Tag Archives: television is not evil

What Democrats Can Learn From Don Draper

Let’s face it, politics is all about advertising: yourself, your candidate, your party and your ideas.  people buy the product with a vote, campaign contributions and participation.  so what can Deval, Barack, Barney and John learn from Don, Peggy, Pete, Joan and the Rodge?  Turns out, quite a bit. 

“If you don’t like what’s being said, change the conversation”

Re-frame the issue.  This reminds me of getting people in kansas to use alternative energy.  The reason the republicans are so succesful is how they fram the issue, and which values the make it synonymous with.  If you change it to an issue about (in this case) thrift and patriotism, instead of small government and god, you’ve at least got a fighting chance.  Way too often, the democrats are willing to argue their side in the republican conversation, rather than starting a new one within a favorable frame work. 

Tap into emotions and you’ll win

facts are hard to escape, but they’re also easy to forget.  people will stick with an emotional narrative more closely than a logical one.  nostaliga, especially, is popular for don draper.  Clinton is great for this, and Barack is learning how as well.  I remember at the 2008 DNC, that great feeling when bill came out.  “Oh! I forgot what a great speaker he is,” my grandmother nearly cooed, while we all reminiesced about his good fiscal policy and attempts at peace in the Middle East.  Barack, on the other hand, is doing his best to conjure up that great feeling of hope, change and inclusion from 2008, while shooing away the feelings of betrayal and dissapointment.  As Don teaches us: “nostalgia literally means ‘the pain of an old wound.’ It’s a twinge in your heart, far more powerful than memory alone.”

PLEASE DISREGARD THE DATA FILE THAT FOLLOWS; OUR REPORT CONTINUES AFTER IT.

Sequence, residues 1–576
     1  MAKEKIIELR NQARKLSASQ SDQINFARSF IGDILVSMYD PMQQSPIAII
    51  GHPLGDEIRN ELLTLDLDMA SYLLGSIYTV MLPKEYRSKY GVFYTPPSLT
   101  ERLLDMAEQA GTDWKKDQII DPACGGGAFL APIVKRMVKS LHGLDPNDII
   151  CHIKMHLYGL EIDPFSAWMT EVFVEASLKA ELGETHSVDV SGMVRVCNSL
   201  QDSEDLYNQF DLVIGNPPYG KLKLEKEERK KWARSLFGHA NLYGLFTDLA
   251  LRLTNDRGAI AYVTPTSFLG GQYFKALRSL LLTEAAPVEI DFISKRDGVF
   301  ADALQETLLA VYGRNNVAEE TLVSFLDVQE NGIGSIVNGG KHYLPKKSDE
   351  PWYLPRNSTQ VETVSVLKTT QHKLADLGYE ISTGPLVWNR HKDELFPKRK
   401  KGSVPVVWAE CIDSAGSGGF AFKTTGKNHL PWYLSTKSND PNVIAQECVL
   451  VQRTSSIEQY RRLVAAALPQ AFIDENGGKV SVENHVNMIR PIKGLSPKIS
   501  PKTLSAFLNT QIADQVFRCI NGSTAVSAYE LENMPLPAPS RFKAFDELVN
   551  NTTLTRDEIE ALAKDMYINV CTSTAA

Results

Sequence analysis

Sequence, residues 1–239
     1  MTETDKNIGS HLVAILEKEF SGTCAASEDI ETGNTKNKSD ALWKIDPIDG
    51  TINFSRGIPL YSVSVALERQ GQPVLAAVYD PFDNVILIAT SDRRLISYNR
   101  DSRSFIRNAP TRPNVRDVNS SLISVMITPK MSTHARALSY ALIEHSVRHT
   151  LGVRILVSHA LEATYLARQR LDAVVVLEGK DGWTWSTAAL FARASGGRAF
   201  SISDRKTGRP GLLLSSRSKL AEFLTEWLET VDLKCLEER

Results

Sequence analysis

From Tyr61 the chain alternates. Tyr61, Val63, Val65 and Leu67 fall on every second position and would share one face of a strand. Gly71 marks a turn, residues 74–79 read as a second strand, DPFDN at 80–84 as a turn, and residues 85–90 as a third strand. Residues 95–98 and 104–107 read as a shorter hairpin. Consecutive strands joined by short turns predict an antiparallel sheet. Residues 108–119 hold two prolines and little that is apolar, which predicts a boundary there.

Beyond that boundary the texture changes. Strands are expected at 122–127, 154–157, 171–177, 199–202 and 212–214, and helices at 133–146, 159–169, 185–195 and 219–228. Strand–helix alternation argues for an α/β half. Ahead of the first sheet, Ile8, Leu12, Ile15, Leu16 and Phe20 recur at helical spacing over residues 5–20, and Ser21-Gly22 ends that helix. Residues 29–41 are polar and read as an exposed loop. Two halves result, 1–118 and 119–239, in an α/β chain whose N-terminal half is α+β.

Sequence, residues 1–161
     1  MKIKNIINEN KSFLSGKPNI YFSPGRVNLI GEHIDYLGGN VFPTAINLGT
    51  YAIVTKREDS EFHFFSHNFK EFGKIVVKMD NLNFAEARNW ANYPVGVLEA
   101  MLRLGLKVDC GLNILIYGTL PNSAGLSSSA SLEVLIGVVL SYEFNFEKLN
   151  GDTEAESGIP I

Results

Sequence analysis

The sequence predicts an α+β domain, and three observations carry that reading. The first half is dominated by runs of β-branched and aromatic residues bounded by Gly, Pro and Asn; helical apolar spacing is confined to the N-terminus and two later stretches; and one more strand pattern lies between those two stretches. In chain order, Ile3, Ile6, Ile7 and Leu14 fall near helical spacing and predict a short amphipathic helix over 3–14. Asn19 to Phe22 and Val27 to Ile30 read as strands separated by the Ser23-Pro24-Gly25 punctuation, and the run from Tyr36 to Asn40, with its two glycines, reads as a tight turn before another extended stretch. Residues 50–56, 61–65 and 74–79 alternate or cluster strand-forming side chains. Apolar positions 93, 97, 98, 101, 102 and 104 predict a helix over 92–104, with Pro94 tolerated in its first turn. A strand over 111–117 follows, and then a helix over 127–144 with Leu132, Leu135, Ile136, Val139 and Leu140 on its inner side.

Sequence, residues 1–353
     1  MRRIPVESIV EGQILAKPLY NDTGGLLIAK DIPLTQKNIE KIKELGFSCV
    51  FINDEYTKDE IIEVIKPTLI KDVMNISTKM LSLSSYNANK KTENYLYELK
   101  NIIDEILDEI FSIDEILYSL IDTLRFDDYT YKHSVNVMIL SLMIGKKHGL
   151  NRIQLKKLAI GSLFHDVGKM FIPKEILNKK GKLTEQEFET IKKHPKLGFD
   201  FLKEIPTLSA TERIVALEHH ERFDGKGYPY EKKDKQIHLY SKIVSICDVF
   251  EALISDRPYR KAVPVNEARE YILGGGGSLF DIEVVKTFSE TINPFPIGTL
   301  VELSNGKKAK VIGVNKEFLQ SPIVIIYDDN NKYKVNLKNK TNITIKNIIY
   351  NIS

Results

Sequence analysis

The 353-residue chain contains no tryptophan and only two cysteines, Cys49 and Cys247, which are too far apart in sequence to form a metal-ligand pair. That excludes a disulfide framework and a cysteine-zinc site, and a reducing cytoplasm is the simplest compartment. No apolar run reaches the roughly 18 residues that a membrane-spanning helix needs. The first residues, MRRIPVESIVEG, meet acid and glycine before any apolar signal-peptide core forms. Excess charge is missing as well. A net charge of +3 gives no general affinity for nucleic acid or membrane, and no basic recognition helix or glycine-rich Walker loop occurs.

If it’s not working, change the name. 

No one will feed their dog horsemeat.  People don’t eat rat, it’s grass-cutter.  And to bring it back to season 1 episode three again, “It’s not called the wheel. It’s called the carousel.”  Global Warming became climate change.  The war on terror?  We don’t even use those words anymore.  And people are (finally) starting to call Park 51 a cultural center (akin to a YMCA) instead of a mosque, which it is not.  We need to pick good names, get them out early and often, and remain unified in terminology.  That is, until the terms don’t work.  Then we pick better ones.

In Defense of Television When Travelling

I often find myself on the wrong side of a lot of debates.  I dislike hand sanitizer, sunscreen and bugspray, in favor of a boosted immune system and not experiencing the negative ramifications of abstaining.  I think we shampoo our hair too often, shelter our kids too much, and give google too hard of a time about censoring itself in China.

But by far the dirtiest looks roll in when I watch television while on the road.

Everyone is out to separate themselves from the be-fannypacked masses, and flipping on a television is like, as my roommate at the Songhai Centre put it, “Cheating on Africa.”

So am I cheating?  And if so, why?